On the surface, the decline of reps making quota looks like nothing more than a mildly troubling industry trend.
Underneath the surface, however, is a much more serious storm brewing.
Closing the Delta Between Your A-Players and B-Players
All of this considered, closing the delta between your top reps and average reps should violently make its way to Priority #1.
It should become the dominant topic of discussion in sales management meetings.
As bleak as this post has seemed thus far (I’ve always had a flair for the dramatic…), there’s an incredibly positive flip side to all of this.
Here’s it is…
Moving your middle-of-the-pack up just a notch in terms of effectiveness is the single highest-leverage task you can take on.
Because by definition, middle-of-the-pack reps have the magic combination of two key ingredients:
- Raw potential
- Room for improvement
Your bottom performers lack #1.
They are likely in a role that doesn’t suit them.
They have potential, but it lies outside of the sales profession.
Your top performers lack #2.
They are already operating in the highest performance rungs.
They are like professional golfers: the best they can expect is to improve their 18-hole game by 1-2 strokes at best.
Your middle-of-the-pack is where the leverage is.
Focusing your coaching efforts on the middle 60% of your sales force is like putting a lever under a heavy boulder, and moving it with ease.
Focus on Sales Conversations
To close the delta between your stars and your middle-of-the-pack, you first must know what separates them
so you can target coaching & training accordingly.
The first place to look is how they conduct their sales conversations differently from each other.
Sure, there are many variables to what makes superstars great.
But sales conversations are the most decisive difference between a superstar rep and an average one.
Here’s some data to illustrate that…
We analyzed 1M sales call recordings
with machine learning and NLP and found that star salespeople discuss pricing at entirely different points during their demo calls than their peers do:
That is a decisive
difference, not a small incremental one.
Star reps also have decisively different
talk-to-listen ratios during their discovery calls:
You get the idea.
I’ll refrain from posting every supporting data point we have since we’ve repeatedly posted them elsewhere.
(To see more data points like this, go here).
Here’s the point of sharing this data:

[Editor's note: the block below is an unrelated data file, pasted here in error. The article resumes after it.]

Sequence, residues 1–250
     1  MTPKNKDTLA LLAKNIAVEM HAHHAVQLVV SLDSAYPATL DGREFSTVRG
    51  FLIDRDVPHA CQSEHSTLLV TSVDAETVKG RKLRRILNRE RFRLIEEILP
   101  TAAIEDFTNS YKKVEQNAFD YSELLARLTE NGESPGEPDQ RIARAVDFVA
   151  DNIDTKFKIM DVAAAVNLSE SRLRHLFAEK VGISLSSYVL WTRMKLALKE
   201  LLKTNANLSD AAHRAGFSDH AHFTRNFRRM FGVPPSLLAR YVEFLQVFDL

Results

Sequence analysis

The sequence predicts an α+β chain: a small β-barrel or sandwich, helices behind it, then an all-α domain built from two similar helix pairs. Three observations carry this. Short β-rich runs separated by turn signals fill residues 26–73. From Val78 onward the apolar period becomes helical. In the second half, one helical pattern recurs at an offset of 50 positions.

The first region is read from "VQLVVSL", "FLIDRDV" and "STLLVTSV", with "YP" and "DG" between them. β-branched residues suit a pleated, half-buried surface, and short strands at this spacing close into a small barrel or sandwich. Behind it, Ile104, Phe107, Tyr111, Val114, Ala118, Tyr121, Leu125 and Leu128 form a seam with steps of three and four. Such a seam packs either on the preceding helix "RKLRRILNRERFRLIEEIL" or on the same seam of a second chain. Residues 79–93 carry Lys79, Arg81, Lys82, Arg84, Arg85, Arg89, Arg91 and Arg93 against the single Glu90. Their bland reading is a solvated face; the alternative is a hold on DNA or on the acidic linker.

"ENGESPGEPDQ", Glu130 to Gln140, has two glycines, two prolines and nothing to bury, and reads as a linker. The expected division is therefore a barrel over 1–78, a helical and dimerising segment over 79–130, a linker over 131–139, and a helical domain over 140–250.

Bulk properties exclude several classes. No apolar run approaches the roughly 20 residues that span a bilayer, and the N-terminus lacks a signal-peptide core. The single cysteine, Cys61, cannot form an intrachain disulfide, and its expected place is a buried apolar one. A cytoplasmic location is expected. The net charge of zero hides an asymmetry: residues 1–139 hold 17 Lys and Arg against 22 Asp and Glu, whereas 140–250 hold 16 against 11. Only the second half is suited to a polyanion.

It indicates that the most decisive difference between above-quota reps, and below-quota reps, comes down to their sales conversations
By contrast, there have been a few studies that have come up short
in finding differences between A-Players and B-Players when analyzing non-conversation
behaviors (such as activity volume, hours worked, etc.).
Sales Conversations: A Strategic Imperative
The declining tenure of the VP Sales and declining quota attainment trends are two hairy problems that can be managed and overcome by taking two continuous actions…
of your coaching & training on your middle-of-the-pack reps. That’s where you have leverage as a sales leader.
Focus the above coaching & training specific to sales conversations:
- Replicate the successful conversations of your star reps
- Coach your middle-of-the-pack reps’ conversations to be more effective
- Ramp new hires faster by focusing most of their onboarding on mastering sales conversations
These are the levers we can pull to reverse the trends we talked about at the beginning.
When you break down a big problem into small, manageable tasks, you can start to move mountains.
These two tasks are your starting point.
P.S. If you want to get a head start on this, you have to know the specific behaviors successful reps do during conversations.
These behaviors serve as the “North Star” everyone else should strive to replicate.
We went ahead and did some of that work for you.
We analyzed 1M B2B sales call recordings with AI to see what separates star reps’ sales conversations from the rest.
Check it out in our new eBook: 9 Elements of Highly Effective Sales Conversations.
And don’t forget to send a copy to your team.